HS: I’ve written chapters everywhere: on beaches, in cafes, in hotels, in restaurants, on buses, trains, in the back of a car (although I do tend to get travel sick). As long as I have my laptop, I can normally write. Saying that, I do prefer to be at home so that I can get comfy and drink coffee and listen to music: I rarely write in total silence. The music changes by the day, depending on how I feel or what chapter I’m writing. I tend to play the same songs over and over again, as it puts me in a kind of zen-like trance and helps me concentrate. Luckily my flatmates don’t work from home or I’d drive them insane!
KGG: Why "Geek Girl?"
HS: Honestly, that was entirely down to my publishers. For the entire time it was being written it was called “The Metamorphosis of Harriet Manners” – “Harriet” for short - and my agent encouraged me to change it to “Geek Muse” for submission to publishers. HarperCollins then asked if they could change it to “Geek Girl” and I agreed. I wasn’t totally sure at first, but - hats off to them - they knew exactly what they were doing. I don’t think I’d have sold a single copy with my original title: especially as I wanted a picture of a polar bear on the cover.
KGG: How would Harriet react if approached about a reality show?
HS: She’d be horrified. Can you imagine anyone who’d be worse at it? She’s very private, and very anxious and shy, and I’d imagine she’d spend most of the time hiding under a table. That’s the great thing about writing in first person narrative: you essentially get to follow somebody around and see what they’re thinking and doing without actually having cameras to freak them out.
KGG: What are the most important attributes to remaining sane as a writer?
HS: A sense of humour, and not taking yourself or the book industry too seriously: we’re all just fumbling our way, feeling like we’re winging it constantly and about to be exposed as frauds. From what I’ve seen, that goes for new writers and it goes for established bestsellers too.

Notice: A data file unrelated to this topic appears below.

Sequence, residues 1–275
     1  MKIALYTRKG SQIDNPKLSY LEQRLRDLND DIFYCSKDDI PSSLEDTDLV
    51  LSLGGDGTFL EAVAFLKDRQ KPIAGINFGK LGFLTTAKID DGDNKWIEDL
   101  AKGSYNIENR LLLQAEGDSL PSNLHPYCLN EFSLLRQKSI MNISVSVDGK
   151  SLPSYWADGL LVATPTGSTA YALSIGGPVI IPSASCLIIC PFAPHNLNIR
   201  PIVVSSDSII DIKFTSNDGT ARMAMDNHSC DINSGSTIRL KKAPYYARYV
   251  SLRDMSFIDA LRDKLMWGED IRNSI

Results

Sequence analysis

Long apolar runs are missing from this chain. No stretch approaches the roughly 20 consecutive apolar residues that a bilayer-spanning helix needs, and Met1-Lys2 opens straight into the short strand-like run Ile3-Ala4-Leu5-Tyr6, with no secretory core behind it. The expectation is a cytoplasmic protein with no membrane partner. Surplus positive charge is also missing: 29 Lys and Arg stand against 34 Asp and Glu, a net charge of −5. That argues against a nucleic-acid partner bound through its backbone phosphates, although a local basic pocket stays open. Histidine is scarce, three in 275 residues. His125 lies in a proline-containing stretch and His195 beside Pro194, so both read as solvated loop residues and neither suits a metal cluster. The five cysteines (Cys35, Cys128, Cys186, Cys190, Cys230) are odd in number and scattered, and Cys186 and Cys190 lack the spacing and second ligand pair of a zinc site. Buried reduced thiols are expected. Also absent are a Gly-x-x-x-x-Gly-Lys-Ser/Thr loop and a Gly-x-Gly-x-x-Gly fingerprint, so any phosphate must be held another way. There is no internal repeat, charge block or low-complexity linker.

Also, you really need to maintain a life outside of writing and reading. If I spend too long writing, I go a little crazy; it’s not healthy for me, and it’s not healthy for my writing. My imagination is so much brighter and snappier when it’s had time to breathe, so no matter how tight my deadline is or how involved I am in the writing I force myself to go for walks, meet friends, go dancing, watch films, make dinner.
I think you also need to surround yourself with people who can help you draw the line between reality and fiction on a daily basis, or it can get a little blurred!
KGG: What is an occupational hazard to being a writer?
HS: A combination of numb-bum and too much caffeine are the two biggest problems: I’ve lost count of the amount of times I’ve stood up after ten hours and discovered I can’t feel my legs properly. Also, nosiness. You listen to strangers talk, you make mental notes when your friends tell you anecdotes, you listen to conversations you have no business listening to. There’s no real “switch off” button, and it can be exhausting.
Plus with writers there’s always a tendency to over-dramatise your own life and self-narrate constantly – transforming everything into a little scene in your head - but I think that’s a chicken/egg situation: do I do that because I’m a writer, or do I write because I’ve always done that?
KGG: What is your favorite word?
HS: Metamorphosis. It feels like the closest thing we have to magic in real life: something starts as one thing, and then totally transforms into another. It’s also the key to all stories. A book is a journey from one state of being to another, and if that’s not a kind of metamorphosis then I don’t know what is. I love the word; there’s so much hope and potential in it.
A huge thank you to Holly Smale, HarperChildren's, and YA Reads for allowing me to participate in the 2013 Debut Authors Bash! Let me know if you're interested in seeing me do more author interviews and please leave me a comment with an author you'd like for me to interview!